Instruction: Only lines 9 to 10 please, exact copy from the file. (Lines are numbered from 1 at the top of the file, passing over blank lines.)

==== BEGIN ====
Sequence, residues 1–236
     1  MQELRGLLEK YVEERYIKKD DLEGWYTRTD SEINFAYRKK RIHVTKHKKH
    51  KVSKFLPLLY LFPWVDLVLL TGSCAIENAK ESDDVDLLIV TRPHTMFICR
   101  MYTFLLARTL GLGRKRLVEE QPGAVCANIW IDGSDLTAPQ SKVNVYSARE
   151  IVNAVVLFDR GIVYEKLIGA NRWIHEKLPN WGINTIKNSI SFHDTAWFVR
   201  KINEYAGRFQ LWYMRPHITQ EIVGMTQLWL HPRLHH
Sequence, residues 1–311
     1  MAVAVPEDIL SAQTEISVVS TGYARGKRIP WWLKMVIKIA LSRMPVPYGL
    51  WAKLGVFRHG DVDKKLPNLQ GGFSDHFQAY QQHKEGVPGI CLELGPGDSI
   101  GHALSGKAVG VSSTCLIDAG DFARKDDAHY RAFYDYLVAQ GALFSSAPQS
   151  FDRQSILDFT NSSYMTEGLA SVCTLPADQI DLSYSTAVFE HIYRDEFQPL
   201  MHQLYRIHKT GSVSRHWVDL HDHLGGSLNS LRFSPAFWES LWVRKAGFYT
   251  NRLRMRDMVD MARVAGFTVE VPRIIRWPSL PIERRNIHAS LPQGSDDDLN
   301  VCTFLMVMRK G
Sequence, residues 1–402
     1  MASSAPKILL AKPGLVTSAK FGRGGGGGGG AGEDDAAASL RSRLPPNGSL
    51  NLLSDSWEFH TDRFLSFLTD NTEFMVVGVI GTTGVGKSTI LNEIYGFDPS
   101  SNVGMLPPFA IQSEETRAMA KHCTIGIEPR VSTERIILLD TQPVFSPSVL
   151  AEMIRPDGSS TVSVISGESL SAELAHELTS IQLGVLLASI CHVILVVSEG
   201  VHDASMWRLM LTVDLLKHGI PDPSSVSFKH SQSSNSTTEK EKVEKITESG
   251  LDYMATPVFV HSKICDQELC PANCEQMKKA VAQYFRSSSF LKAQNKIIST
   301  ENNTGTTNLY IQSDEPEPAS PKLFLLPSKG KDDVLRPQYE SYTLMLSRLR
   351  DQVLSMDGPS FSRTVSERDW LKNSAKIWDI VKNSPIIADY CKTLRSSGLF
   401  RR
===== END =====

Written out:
    51  WAKLGVFRHG DVDKKLPNLQ GGFSDHFQAY QQHKEGVPGI CLELGPGDSI
   101  GHALSGKAVG VSSTCLIDAG DFARKDDAHY RAFYDYLVAQ GALFSSAPQS